FORT MYERS, Fla. — It’s the nature of the beast. Because his season went so far off the rails last year, every throwing session that Daniel Bard has this spring will face a higher degree of scrutiny than that of virtually every one of his teammates. Such was the case on Saturday, when the right-hander threw his first live batting practice session of the spring, with minor leaguers Jeremy Hazelbaker and Jonathan Diaz stepping in the cage with Bard on the mound.
One obvious thing stood out: Bard was hitting the glove repeatedly. His fastball was down, and regularly popped the mitt of catcher Dan Butler. Butler also worked with Bard a year ago in Triple-A Pawtucket, so his take on the session was noteworthy.
“He looked confident out there. He was able to make some quick adjustments,” said Butler. “His fastball command was a lot better. He’s got a lot better feel for it. And change up looks good, slider looks good. He’s very consistent out there with his delivery. That’s the main thing with him.
“There’s definitely some adjustment that’s being made there [since last year]. He looks like he’s able to do that now. It looks a lot better.”
That early impression — which was in line with reports of Bard’s early bullpen sessions — was shared by manager John Farrell and GM Ben Cherington. At the same time, while encouraged, Cherington also wanted to downplay the idea of getting too caught up in how Bard looks in any single outing, preferring to be more mindful of the goal of preparing for the season rather than potentially riding a daily roller coaster based on individual bullpen sessions.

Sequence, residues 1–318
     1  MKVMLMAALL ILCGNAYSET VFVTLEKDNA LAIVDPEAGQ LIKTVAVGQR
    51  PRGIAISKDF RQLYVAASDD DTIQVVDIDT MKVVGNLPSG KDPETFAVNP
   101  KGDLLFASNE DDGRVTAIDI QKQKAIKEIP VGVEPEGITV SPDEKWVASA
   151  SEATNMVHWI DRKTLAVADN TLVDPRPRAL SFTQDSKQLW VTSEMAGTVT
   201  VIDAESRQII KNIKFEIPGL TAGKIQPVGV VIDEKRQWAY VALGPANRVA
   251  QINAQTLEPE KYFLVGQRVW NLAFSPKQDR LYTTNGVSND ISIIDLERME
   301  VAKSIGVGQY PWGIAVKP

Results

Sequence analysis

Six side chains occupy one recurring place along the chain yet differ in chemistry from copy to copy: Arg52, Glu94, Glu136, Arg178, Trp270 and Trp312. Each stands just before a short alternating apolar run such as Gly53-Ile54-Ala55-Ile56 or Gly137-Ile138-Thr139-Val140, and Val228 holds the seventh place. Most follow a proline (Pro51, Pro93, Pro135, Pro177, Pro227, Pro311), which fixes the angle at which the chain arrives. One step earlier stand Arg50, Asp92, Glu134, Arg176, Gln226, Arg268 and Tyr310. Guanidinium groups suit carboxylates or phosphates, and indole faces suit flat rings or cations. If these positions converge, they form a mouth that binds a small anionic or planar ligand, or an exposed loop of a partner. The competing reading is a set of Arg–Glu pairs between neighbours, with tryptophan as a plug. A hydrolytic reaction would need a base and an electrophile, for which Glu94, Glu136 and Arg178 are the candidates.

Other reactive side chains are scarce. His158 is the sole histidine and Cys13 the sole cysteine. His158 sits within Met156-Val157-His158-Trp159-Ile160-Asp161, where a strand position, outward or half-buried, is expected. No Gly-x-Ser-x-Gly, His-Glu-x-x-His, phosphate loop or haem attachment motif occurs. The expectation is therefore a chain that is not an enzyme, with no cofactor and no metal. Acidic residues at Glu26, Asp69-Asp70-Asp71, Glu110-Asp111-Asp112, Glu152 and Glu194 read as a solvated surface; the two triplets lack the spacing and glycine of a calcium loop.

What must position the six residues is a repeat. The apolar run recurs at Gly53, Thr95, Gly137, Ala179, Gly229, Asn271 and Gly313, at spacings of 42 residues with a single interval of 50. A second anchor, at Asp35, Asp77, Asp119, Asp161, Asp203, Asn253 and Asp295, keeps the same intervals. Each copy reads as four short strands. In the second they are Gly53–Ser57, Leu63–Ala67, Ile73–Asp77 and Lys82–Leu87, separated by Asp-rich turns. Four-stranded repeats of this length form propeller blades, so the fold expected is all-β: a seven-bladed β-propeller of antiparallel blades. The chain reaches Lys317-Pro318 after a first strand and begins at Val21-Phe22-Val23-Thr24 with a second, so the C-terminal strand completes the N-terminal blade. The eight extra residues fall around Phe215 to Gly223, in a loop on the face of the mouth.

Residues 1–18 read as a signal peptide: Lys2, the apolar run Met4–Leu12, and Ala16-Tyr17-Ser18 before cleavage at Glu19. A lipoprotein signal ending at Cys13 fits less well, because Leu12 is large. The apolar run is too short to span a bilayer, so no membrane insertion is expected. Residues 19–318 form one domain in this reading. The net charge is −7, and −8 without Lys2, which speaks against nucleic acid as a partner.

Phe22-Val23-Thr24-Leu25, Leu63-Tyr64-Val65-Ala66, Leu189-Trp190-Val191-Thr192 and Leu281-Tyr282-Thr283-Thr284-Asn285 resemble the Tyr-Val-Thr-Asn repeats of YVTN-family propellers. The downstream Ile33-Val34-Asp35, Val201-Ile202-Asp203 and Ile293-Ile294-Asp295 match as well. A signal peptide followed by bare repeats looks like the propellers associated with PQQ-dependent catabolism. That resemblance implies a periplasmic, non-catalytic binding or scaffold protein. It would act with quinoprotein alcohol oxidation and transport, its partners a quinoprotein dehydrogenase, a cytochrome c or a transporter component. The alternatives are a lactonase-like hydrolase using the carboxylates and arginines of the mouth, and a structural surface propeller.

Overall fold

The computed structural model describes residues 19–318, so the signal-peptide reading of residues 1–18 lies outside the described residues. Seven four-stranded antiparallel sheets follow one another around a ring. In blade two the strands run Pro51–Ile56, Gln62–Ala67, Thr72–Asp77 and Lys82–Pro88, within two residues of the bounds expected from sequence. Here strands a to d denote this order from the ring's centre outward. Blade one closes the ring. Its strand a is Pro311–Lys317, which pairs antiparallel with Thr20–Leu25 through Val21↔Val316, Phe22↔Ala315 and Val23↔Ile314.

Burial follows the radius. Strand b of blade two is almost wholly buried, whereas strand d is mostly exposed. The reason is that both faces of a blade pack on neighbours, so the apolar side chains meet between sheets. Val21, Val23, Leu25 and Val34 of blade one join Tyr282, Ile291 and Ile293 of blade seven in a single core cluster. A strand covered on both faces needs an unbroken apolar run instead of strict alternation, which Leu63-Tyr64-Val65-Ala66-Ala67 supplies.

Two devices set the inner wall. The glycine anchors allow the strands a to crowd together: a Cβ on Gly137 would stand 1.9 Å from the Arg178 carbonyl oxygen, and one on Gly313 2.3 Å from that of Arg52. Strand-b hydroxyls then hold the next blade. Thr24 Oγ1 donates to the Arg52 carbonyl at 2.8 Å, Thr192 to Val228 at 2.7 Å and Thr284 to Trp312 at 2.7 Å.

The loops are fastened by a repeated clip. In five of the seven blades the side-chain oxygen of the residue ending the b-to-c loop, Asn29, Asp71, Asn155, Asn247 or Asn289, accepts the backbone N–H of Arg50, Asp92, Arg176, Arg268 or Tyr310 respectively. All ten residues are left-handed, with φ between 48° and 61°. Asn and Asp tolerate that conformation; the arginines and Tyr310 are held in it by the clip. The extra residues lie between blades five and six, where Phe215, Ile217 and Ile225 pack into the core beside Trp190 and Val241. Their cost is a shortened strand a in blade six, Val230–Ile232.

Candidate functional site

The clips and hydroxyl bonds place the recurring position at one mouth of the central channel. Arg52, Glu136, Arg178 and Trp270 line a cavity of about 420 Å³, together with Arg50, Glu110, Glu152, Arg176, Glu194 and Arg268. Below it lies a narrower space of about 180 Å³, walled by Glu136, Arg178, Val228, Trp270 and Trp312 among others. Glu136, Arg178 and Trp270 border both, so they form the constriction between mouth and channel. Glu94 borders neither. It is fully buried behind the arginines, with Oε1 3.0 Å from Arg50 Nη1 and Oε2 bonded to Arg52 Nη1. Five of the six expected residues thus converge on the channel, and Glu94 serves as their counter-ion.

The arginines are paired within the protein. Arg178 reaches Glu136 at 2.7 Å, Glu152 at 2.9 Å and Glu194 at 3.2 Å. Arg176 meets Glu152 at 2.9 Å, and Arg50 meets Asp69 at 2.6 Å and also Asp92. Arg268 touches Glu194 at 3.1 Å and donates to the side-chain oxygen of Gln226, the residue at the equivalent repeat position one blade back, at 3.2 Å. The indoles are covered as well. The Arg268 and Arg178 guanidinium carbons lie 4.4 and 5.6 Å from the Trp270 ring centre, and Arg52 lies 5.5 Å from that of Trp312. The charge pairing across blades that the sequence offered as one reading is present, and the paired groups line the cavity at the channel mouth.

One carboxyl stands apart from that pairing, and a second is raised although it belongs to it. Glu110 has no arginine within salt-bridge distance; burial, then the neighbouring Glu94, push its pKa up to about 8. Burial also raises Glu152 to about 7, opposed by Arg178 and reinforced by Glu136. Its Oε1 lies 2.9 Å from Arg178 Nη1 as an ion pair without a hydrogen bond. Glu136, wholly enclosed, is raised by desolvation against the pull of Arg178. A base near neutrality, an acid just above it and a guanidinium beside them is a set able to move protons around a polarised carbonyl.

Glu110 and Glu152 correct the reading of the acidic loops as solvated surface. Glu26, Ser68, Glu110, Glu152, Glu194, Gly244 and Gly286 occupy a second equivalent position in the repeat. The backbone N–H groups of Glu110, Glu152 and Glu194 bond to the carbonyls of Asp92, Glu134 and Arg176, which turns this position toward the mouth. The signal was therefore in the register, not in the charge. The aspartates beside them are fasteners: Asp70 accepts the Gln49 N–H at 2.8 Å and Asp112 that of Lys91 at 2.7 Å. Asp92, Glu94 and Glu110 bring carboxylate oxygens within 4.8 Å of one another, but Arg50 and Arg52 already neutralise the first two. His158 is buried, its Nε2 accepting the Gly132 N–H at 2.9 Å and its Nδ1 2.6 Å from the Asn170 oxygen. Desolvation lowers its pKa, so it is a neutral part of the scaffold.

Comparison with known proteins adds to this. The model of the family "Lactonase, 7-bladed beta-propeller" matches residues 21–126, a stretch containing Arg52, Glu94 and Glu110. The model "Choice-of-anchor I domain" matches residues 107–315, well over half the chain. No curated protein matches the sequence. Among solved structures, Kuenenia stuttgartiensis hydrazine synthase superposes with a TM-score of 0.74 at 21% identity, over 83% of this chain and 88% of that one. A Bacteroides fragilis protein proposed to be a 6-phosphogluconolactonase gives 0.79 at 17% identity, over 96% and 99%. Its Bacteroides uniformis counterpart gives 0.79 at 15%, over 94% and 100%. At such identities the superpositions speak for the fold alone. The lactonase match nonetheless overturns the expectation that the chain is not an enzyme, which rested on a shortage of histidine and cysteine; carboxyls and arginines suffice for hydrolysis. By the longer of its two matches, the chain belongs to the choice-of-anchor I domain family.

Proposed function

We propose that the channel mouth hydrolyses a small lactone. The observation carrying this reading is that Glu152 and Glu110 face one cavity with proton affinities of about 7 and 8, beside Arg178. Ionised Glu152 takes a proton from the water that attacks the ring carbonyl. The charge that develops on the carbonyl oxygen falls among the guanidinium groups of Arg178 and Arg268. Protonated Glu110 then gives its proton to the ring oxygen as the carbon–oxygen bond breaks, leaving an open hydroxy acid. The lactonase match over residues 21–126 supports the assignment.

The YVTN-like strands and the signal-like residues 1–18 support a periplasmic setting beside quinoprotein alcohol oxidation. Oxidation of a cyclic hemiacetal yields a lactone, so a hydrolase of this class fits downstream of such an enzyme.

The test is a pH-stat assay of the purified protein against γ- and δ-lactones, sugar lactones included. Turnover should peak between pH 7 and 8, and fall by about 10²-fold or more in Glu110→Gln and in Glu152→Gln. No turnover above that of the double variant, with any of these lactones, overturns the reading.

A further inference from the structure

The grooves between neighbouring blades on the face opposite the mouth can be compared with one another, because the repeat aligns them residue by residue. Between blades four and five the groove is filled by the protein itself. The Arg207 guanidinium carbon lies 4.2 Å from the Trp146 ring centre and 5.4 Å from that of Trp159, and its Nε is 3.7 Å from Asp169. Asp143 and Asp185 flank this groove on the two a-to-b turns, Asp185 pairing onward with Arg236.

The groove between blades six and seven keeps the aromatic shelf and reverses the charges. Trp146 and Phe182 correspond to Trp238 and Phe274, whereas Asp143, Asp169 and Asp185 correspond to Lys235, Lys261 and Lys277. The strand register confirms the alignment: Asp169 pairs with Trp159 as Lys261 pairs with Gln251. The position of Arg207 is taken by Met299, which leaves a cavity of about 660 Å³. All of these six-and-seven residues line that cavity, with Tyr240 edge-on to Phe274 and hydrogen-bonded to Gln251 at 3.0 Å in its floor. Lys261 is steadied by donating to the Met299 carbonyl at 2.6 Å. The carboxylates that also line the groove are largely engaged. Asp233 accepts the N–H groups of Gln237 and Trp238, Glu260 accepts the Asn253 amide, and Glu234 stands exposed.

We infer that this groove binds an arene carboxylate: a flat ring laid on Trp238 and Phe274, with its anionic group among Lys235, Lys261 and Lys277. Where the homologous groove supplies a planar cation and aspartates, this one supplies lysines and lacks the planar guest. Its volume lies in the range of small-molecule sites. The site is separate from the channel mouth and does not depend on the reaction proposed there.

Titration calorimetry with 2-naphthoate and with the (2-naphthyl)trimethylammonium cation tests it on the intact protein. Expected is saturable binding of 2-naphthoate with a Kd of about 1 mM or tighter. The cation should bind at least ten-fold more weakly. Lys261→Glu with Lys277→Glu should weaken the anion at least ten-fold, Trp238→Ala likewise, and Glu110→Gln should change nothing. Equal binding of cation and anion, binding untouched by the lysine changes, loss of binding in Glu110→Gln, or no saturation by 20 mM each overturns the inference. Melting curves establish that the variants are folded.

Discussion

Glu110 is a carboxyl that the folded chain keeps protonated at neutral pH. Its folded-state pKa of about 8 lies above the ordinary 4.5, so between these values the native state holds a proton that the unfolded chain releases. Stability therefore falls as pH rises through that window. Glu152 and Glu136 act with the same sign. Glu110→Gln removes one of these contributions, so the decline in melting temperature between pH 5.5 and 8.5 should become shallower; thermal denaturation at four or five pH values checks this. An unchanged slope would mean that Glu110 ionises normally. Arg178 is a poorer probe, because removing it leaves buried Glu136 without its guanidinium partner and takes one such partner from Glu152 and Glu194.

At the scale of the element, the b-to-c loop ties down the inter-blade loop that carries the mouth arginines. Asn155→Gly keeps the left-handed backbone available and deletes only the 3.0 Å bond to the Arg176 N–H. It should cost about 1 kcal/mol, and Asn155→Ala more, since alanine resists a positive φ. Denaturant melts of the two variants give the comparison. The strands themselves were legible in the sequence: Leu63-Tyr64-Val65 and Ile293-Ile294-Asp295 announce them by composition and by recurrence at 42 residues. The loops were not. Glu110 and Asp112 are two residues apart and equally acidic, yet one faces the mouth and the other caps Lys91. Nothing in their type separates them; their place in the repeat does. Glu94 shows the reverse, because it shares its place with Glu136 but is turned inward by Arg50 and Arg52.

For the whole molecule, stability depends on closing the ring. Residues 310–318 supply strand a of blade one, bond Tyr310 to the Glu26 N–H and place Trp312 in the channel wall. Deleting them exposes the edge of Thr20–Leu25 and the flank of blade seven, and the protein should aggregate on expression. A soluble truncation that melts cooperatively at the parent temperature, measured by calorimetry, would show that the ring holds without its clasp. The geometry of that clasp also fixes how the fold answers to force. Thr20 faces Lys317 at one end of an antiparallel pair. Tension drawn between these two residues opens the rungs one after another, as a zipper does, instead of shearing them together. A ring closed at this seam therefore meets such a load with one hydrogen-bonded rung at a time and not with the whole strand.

“One of the things we’ve talked with Daniel about, let’s not make this a story everyday,” said Cherington. “He’s a healthy pitcher getting ready for the season. I understand what happened last year, that there will be interest, but like a lot of other guys, he’s getting ready for the season and he’s back in a role that should be comfortable to him, working on things. … [He is] another very talented arm back there. He’s going through his progression and getting ready for games.”
The twin messages — that Bard looked good, but that it’s pointless to jump to any conclusions — was reiterated by Farrell.
“Again, it’s [live batting practice]. I don’t want to over-analyze it too much,” said Farrell. “The one point of emphasis he is trying to get done is not to guide the ball. Stay agressive, even in the early BP and bullpen sessions, and he’s doing just that.
“I think we want to be careful not to jump too early here,” Farrell continued. “This is the third time he’s been on the mound since we’ve opened up camp. We’ll get a better read once we get into games and you get into the game-speed and the adrenaline matched to it. That’s more of an accurate read at that point.”
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